Well worth the climb for the views

Member Rating 5 out of 5 by jipp05 on July 12, 2012

Out of all the sights in Bruge the Belfy is the most prominent thanks in part to its location in the main city square but also because it dominates the Bruge city scape and can be seen from nearly every location in the city.
For outstanding views of this beautiful medieval city then a climb to the top of the tower is highly recommended.

+++++ A little bit of history +++++

The medieval Belfry is the symbol of the city and was originally built in 1240 until a fire destroyed most of the building. It was later rebuilt in 1280 and added to in the 1400’s. The top of the tower was originally wood until it burnt only to be replaced again with a wooden structure until this again was destroyed in a fire (you would have thought they would have learnt their lesson after the first time). With the wooden structure never being rebuilt after it was destroyed a second time the tower now stands pretty much as it would have in the 1400’s with the exception of a gothic stone parapet which was added in to the top of the tower in 1822.

+++++ Vsiting the tower +++++

When I visited Bruge with my partner in May of course I had to go to the top of the Belfry as I feel that no matter where I go I should climb something to be able to get the best view of the city.
I thought the entry prices were a little steep to be able to climb the tower. It was 8 Euros each for adults, 6 Euros for students and pensioners and 4 Euros for children. For 16 Euros I was expecting an amazing view and thankfully I wasn’t disappointed.

The Belfry will only admit 70 people in at a time (the reason for this became obvious when we were climbing it) and you might have to queue and wait for a little time in high season but when we visited there was no waiting and we managed to go straight through the barrier after paying our entrance fee.
Obviously you need to be careful with what footwear you are wearing and you aren’t supposed to wear sandals and people with walking difficulties are not going to be able to manage the steep stairs.
The tower is 83 metres high and you need to climb 366 stairs to reach the top so it is perfectly manageable but you will feel it in your legs afterwards.

The bottom of the tower starts quite gently and the stairs are wide enough for people to be able to pass each other with ease. About a quarter of the way up there is a room where you can stop to catch your breath and find some information on the tower and its history. After a brief rest we started our climb again.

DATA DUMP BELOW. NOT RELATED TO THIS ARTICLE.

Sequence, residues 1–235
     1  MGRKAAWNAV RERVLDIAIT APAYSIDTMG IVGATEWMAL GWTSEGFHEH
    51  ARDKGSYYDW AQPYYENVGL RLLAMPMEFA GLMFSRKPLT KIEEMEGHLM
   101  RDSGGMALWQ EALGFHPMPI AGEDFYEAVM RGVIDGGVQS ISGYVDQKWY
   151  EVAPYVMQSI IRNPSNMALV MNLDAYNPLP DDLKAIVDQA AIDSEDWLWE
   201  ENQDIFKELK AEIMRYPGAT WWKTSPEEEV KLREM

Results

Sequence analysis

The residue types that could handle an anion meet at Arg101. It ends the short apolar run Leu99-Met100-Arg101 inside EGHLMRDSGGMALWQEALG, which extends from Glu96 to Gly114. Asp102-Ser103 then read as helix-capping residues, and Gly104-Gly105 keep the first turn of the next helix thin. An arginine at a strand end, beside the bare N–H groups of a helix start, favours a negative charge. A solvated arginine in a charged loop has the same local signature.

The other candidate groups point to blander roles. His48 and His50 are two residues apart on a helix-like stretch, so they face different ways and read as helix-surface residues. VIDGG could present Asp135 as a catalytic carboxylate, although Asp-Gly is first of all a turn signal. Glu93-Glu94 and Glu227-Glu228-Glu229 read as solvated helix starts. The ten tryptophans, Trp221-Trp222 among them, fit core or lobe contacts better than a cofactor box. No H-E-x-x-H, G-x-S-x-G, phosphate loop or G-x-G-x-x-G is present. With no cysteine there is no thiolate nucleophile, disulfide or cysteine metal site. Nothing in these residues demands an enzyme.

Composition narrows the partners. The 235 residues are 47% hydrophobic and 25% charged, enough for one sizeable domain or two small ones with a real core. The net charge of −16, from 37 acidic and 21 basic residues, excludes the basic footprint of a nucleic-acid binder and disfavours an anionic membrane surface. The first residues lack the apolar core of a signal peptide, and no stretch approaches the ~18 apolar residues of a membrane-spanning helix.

There is another room about half way up again where you can get your breath back and start to admire the views over the city. The rest of the climb is a lot more difficult than the first half.

After leaving the second room the stairs become much narrower and steeper and you really do need to be careful so as to not slip and hurt yourself. There is a thick rope which acts as a bannister but with people coming down as you are going up it can be difficult to keep a hold of it. Talking of the people coming down the stairs as you are going up them this is not an attraction for those people who suffer from claustrophobia as it gets extremely narrow in parts. In fact it becomes so narrow that brushing against complete strangers felt uncomfortably familiar but that could just be the British in me.

By the time I was almost to the top of the tower the spiral staircase had really started to make my legs work and I was ready for a rest. Luckily the view from the top room was completely worth the climb and because you are so high up you can see for miles around. The view over the gorgeous market square below was worth the price of entry alone.
The only problem I had was that the view is obscured by wire mesh, of course there needs to be some sort of measure in place to stop people from falling out but the wire mesh could have done to have been a little bigger so that I could appreciate the view better.

As well as the views the top of the tower also houses the Carillion and you could see the bells through a glass partition. They were quite impressive but as bells aren’t really my thing I didn’t pay them too much heed. Because the top of the tower also houses the bells there isn’t a lot of room for people so again this probably isn’t the place to come for the claustrophobic as we were all squashed together trying to look out the windows.

After admiring the views it was time to go back down again. Going back down the tower is even scarier than going up and at times passing people was a little precarious but this was all part of the fun and everyone had a laugh with each other when we were all trying to squeeze past.
It isn’t until you get back outside and look at the Belfry from the front that you appreciate just how high it is when you can see the people up top who all look like little ants. From the tower the view is amazing but it doesn’t feel as high as it actually is.

For me the Belfry is quintessentially Bruges. It is utterly charming to look at from the outside and from the inside is full of history. There isn’t a lot going on in the inside and it is lacking in artefacts from when it was built as I would love to see one of the rooms being used as a small museum but the views are really what you are going for and these more than make it worthwhile to visit.
Belfry Tower/Belfort of Bruges
Markt Square
Bruges, Belgium


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